Spina Bifida Occulta

The mildest form of spina bifida, spina bifida occulta describes a group of neural tube birth defects that can affect the spinal column. This is composed of bones, or vertebrae, which support the nerve center of the spinal cord, which is responsible for carrying all nerve signals in between the body and the brain.

Most people are unaware that they have spina bifida occulta, although an estimated 10 to 20% of the population carries this type of condition. There may be no outward sign of any defects in the spinal column until an X-ray is carried out for some other reason, because in this type of spina bifida there aren’t any problems with the nervous system.

Signs of Spina Bifida Occulta

Although in most cases there will be no outward signs or symptoms, there can be a few warning signs that this defect is present. These can include the following visible signs, one of which will be present in approximately 80% of individuals who have spina bifida occulta:

  • Hairy patch on the skin
  • Dark spots or birth marks
  • A red or purple spot on the back composed of blood vessels
  • Dimpling in the back
  • An area that has less skin color than other areas

There is no cause for concern should an individual have any of these outward signs, as no treatment will be necessary. In more serious cases, however, there can be some symptoms which affect quality of life. These can include:

  • Numbness or loss of sensation in the legs
  • Weakness or mild pain in the lower half of the body
  • Changes in bowel or bladder function

If experiencing any of these more serious signs of spina bifida, it’s best to visit a doctor for diagnosis and treatment. These may or may not be related to spinal cord damage.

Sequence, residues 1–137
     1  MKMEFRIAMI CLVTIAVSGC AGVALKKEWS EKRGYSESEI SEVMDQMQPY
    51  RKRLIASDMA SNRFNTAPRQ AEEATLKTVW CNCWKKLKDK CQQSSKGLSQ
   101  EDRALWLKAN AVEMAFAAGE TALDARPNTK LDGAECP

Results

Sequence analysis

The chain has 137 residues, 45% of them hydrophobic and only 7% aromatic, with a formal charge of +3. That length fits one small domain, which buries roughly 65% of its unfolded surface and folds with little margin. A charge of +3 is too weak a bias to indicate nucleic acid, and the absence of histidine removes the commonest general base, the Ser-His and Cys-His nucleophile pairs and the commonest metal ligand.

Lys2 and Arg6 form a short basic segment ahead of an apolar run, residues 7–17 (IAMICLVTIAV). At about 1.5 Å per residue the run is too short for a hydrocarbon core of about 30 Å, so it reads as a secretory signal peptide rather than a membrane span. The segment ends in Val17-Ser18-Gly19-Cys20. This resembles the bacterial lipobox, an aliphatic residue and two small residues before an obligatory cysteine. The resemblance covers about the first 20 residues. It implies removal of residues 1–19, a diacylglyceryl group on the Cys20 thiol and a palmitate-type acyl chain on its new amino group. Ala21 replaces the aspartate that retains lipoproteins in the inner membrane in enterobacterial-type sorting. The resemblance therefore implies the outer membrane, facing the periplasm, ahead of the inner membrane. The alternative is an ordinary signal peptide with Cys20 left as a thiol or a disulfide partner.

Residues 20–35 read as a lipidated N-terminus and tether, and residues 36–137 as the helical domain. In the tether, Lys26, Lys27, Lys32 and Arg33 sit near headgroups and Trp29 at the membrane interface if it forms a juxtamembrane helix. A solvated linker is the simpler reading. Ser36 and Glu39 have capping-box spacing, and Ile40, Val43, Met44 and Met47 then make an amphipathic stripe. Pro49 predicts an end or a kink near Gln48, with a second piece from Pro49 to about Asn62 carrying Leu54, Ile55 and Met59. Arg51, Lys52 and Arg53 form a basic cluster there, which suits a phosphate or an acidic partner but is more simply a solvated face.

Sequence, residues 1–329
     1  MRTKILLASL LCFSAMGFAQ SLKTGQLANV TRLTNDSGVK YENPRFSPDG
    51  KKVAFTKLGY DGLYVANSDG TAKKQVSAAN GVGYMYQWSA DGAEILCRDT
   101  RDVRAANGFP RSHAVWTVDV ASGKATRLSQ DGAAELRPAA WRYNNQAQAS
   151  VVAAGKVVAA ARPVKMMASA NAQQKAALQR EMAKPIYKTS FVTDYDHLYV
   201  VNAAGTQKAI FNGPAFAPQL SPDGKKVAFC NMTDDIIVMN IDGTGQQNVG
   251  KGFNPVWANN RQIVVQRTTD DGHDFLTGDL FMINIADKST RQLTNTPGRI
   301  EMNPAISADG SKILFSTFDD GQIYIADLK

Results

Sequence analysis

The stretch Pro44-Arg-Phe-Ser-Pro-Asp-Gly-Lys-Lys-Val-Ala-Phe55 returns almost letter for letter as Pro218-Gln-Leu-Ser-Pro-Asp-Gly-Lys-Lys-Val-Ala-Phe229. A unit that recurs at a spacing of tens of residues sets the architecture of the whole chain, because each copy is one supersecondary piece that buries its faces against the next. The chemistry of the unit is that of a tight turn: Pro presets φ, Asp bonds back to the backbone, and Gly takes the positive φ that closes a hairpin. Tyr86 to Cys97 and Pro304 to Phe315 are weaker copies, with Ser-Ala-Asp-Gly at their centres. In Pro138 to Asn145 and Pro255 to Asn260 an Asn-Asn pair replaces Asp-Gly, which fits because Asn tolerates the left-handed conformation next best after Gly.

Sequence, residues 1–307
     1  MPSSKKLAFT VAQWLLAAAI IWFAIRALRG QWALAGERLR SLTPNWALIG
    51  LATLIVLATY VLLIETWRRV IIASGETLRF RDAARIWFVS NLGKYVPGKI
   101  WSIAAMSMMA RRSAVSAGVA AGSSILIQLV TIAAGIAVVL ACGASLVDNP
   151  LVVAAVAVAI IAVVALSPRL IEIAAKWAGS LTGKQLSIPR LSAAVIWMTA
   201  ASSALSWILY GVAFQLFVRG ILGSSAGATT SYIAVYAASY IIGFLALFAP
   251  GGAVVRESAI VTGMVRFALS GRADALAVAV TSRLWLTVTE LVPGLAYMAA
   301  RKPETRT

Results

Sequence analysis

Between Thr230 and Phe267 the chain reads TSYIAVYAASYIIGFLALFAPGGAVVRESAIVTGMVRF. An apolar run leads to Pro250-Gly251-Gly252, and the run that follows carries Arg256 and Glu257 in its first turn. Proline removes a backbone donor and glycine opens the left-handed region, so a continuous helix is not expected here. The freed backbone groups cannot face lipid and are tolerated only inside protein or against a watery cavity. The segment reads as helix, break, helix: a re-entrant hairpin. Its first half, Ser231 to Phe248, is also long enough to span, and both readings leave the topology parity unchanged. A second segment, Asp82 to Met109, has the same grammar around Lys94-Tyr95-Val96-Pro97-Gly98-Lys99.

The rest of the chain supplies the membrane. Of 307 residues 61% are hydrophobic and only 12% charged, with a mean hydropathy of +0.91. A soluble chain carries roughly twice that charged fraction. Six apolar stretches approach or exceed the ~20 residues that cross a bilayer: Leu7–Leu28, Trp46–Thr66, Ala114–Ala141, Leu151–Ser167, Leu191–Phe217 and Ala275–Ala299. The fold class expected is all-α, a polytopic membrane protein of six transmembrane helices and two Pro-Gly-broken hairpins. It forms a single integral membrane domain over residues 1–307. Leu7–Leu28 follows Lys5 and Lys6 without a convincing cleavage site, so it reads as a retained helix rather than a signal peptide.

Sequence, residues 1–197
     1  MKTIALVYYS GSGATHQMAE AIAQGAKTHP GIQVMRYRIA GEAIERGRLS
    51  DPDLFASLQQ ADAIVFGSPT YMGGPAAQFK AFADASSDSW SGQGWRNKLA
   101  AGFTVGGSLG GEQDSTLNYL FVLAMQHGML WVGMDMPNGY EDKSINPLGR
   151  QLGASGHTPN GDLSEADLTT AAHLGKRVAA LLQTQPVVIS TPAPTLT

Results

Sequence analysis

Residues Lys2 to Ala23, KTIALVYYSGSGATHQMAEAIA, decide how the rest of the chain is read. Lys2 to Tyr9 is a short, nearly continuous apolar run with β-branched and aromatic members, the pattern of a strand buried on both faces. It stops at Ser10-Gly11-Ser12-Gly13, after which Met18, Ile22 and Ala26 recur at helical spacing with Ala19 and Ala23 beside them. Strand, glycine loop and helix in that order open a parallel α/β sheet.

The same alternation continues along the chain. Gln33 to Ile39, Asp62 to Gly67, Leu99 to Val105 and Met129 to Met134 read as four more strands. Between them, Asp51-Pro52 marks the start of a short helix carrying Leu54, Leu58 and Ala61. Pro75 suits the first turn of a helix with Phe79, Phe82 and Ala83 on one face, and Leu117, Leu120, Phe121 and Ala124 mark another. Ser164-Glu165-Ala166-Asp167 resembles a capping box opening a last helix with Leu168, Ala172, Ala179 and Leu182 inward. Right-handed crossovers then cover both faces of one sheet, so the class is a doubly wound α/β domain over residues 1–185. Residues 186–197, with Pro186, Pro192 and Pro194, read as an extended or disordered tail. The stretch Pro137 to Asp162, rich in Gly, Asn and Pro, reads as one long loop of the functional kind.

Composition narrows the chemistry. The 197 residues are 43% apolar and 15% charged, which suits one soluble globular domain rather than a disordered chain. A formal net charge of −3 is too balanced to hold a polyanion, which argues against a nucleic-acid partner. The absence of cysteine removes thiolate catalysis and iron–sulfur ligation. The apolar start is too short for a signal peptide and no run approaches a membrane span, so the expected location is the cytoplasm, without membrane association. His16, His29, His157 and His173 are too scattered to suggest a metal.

Types of Occulta

Although occulta is a type of spina bifida, it is still a term used to describe a series of birth defects which could take on different forms. These could include the following:

  • Spinal cord ending is too thick
  • Tethered spinal cord – the lower end of the spinal cord does not attach to the rest of the body, allowing it to potentially get damaged or stretched out
  • Fatty lumps inside of the spinal cord
  • Split spinal cord – the cord is split into two halves
  • The skin of the back and the spinal canal are connected by tissue

Diagnosis of Spina Bifida Occulta

Because there may be no apparent outward signs of occulta, it can be more difficult to diagnose than other forms of spina bifida. There are a few steps that a mother can take to find out if her baby is going to have this defect. Blood testing can be carried out in the second trimester of pregnancy, which can be followed up with an ultrasound or amniocentesis should suspect levels of maternal protein be found in the blood.

After birth, it’s possible to diagnose this disorder with ultrasound technology in the case of newborns. Older children and adults will need to have an MRI scan in order to confirm the presence of spina bifida occulta, and then work out a treatment plan if necessary.

Causes of Spina Bifida Occulta

At the moment, there is no singular cause which has been linked to this type of neural tube defect. However, there are a few other factors which may make an individual more likely to be diagnosed with this condition. Those who have a parent or sibling with spina bifida are about 8 times more likely to have this disorder as well.

Spina bifida occulta has also been linked to a lack of folic acid in the mother’s diet. For this reason, healthcare professionals now recommend that all pregnant women take 400 micrograms of folic acid every day in order to help lower their chances of giving birth to a baby with this birth defect.


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